If you speak a foreign language, and know the grammar well and have a large vocabulary, but people find it difficult to understand you because you have a strong foreign accent, can we say that you speak it well?


This is something my friends and I were discussing last night. We recognise that there’s nothing wrong with having a non-native accent when speaking a foreign language, and that few people manage to sound like native speakers of languages they have learnt as adults. This is because you tend to carry over elements of pronunciation from your native language, or from other languages you know.

However, if communication is difficult due to your accent, then it might be a idea to try to modify it so that others can understand you more easily. This may difficult, but is worth the effort.

What are you thoughts on this?

Language Politics

Part of the process of learning a new language involves learning about the people who speak it, and about their culture(s), history and so on. You might also find yourself involved in the politics of when and how the language is used, especially if you’re learning a minority / endangered / revived language, or a non-standard version of a major language. This is certainly the case for the Celtic languages I’ve studied.

Sign on the walls of Conwy

You might be told that there’s no point in learning a Celtic language as everybody who speaks them also speaks English, or in the case of Breton, French. This is not in fact true – there are people in Patagonia in Argentina who speak Welsh and Spanish, but not English, and there are some people who have learnt a Celtic language who don’t speak English or French.

People may object to children being ‘forced’ to learn such ‘useless’ languages in school, or they may complain that they had to learn them in school. Well, education usually involves learning things that you might have little or no interest in, but you never know, maybe it will be useful to know them one day.

Critics of minority languages might come from the country or region where they are spoken, but not feel part of the local culture as they don’t speak the local language. In Wales, for example, non-Welsh-speaking people are sometimes told by Welsh speakers that they are less Welsh or basically English. Fortunately this is not a common view among Welsh speakers. Also, people who don’t speak such languages could learn them, and will find that most native speakers will be support their efforts.

Also, why are they spending our taxes to support those useless languages? That’s a comment that often crops up whenever there’s discussion of bilingual or minority language education, bilingual signage and other material, and any other initiatives to support minority languages. Speakers of minority languages also pay taxes, you know.

Have you encountered any such linguistic politics?

Here’s an example of an article that discusses some of these issues.


Do you make New Year’s resolutions?


If you have made any this year, are any of them related to languages?

I don’t tend to make New Year’s resolutions, and when I do, I rarely keep them. Sometimes I do manage to stick at things, at least for a while. Today, for example, my current streak on Duolingo reached 1,628 days. I’m learning Japanese and Spanish there, and keeping my Danish and Swedish ticking over. I’m also learning Dutch on Memrise, although I do miss occasional days. I don’t plan to learn any new languages for now, but who knows what could happen.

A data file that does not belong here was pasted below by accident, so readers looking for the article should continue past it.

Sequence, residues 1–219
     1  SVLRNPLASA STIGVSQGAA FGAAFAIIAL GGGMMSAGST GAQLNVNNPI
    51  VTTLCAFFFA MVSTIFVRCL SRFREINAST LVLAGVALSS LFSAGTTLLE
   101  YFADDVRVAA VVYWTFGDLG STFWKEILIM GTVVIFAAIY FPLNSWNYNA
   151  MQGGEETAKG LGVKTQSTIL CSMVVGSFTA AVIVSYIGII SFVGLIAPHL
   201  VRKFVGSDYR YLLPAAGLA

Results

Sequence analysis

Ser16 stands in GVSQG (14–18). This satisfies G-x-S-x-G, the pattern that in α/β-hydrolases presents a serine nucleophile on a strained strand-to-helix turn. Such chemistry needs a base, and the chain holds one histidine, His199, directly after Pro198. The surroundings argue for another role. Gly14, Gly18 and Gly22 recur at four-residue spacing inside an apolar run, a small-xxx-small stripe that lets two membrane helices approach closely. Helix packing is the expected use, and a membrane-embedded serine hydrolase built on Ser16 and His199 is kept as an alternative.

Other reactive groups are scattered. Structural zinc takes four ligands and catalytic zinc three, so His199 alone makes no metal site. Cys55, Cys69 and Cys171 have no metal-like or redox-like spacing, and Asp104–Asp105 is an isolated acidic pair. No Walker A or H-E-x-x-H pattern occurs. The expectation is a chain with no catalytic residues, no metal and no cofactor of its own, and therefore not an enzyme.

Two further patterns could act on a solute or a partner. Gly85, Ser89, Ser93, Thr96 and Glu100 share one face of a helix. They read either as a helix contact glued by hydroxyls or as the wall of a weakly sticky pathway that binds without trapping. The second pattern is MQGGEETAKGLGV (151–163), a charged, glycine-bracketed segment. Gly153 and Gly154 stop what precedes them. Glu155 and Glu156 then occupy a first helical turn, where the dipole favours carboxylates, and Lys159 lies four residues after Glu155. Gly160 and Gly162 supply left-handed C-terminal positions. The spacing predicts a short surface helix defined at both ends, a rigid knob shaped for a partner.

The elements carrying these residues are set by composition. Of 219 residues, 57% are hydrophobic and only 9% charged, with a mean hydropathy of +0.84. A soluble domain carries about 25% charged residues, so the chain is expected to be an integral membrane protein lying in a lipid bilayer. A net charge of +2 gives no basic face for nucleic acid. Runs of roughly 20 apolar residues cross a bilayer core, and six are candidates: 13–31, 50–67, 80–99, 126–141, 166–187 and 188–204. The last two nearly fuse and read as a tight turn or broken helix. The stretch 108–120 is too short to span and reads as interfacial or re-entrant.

Meanwhile on Omniglot, I will carry on adding new material and improving the existing pages.

I’m taking a break from the monthly Radio Omniglot podcasts after reaching episode 50 in December, but will keep making the weekly Adventures in Etymology series and Omniglot News podcasts and videos. I also plan to add a new series – Celtic Routes – which will explore links within the Celtic language family, and between Celtic languages and other European languages. This will be based on my Celtiadur blog.

In other news, I’ve finally found a way to reduce some of the clutter of ads at the bottom of the pages on using a PHP script that displays a different banner each time you refresh the page. Ideally there wouldn’t be any banners or other ads, but I do sort of need to make a living, and the ads help with that.

1600 languages

Back in April 2021 I wrote a post about various milestones I’d reached, including adding the 1,500th language to Omniglot. Well, yesterday I added the 1,600th language, which seems to me like something to celebrate.

So what’s been happening since April?

Well, as well as continuing to add new material to Omniglot every day, and improving the existing content, I’ve been making Adventures in Etymology blog posts / podcasts / videos every week and posting them on YouTube, Instagram and Tiktok. They tend to get the most views on Tiktok, and I’m hoping that at least some of the people who see them there will visit other parts of the Omniglot Linguistic Universe (OLU).

In July I started making Omniglot News blog posts and podcasts which summarise all the lastest developments on Omniglot. They appear on Sundays on the Radio Omniglot site and on the Omniglot News page.

Lockdown restrictions have eased here in Wales, and we can now go to pubs, restaurants and cafés, and to concerts and other events. I go to a Welsh folk music session every other Tuesday where we speak and sing mainly in Welsh, and play Welsh tunes. There are usually people from many countries there, so I get chances to speak other languages as well. I’ve started going to a Welsh conversation group on Wednesday nights, and I regularly have opportunities to speak French and Mandarin, and often write emails in Dutch. So I’m able to practise using some of my languages.

I’ve been to a few concerts recently, include a great one this week featuring the Washboard Resonators:

The Washboard Resonators